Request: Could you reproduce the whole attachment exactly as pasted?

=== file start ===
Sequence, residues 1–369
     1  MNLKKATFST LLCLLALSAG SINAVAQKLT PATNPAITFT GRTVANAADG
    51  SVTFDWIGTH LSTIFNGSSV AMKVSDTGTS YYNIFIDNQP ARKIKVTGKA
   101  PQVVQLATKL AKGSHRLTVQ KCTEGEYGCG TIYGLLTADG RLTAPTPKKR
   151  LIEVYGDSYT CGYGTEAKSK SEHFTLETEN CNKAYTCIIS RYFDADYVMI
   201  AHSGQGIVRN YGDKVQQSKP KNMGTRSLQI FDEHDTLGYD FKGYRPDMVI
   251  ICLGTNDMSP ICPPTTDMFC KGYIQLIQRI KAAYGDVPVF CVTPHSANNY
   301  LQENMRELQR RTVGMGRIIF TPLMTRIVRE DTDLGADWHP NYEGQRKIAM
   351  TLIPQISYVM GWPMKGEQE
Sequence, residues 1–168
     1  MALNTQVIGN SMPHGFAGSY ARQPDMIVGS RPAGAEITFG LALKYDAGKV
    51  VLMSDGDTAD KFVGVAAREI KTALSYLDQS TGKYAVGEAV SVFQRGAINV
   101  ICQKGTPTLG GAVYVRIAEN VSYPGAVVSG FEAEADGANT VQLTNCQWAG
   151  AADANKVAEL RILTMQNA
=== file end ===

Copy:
Sequence, residues 1–369
     1  MNLKKATFST LLCLLALSAG SINAVAQKLT PATNPAITFT GRTVANAADG
    51  SVTFDWIGTH LSTIFNGSSV AMKVSDTGTS YYNIFIDNQP ARKIKVTGKA
   101  PQVVQLATKL AKGSHRLTVQ KCTEGEYGCG TIYGLLTADG RLTAPTPKKR
   151  LIEVYGDSYT CGYGTEAKSK SEHFTLETEN CNKAYTCIIS RYFDADYVMI
   201  AHSGQGIVRN YGDKVQQSKP KNMGTRSLQI FDEHDTLGYD FKGYRPDMVI
   251  ICLGTNDMSP ICPPTTDMFC KGYIQLIQRI KAAYGDVPVF CVTPHSANNY
   301  LQENMRELQR RTVGMGRIIF TPLMTRIVRE DTDLGADWHP NYEGQRKIAM
   351  TLIPQISYVM GWPMKGEQE
Sequence, residues 1–168
     1  MALNTQVIGN SMPHGFAGSY ARQPDMIVGS RPAGAEITFG LALKYDAGKV
    51  VLMSDGDTAD KFVGVAAREI KTALSYLDQS TGKYAVGEAV SVFQRGAINV
   101  ICQKGTPTLG GAVYVRIAEN VSYPGAVVSG FEAEADGANT VQLTNCQWAG
   151  AADANKVAEL RILTMQNA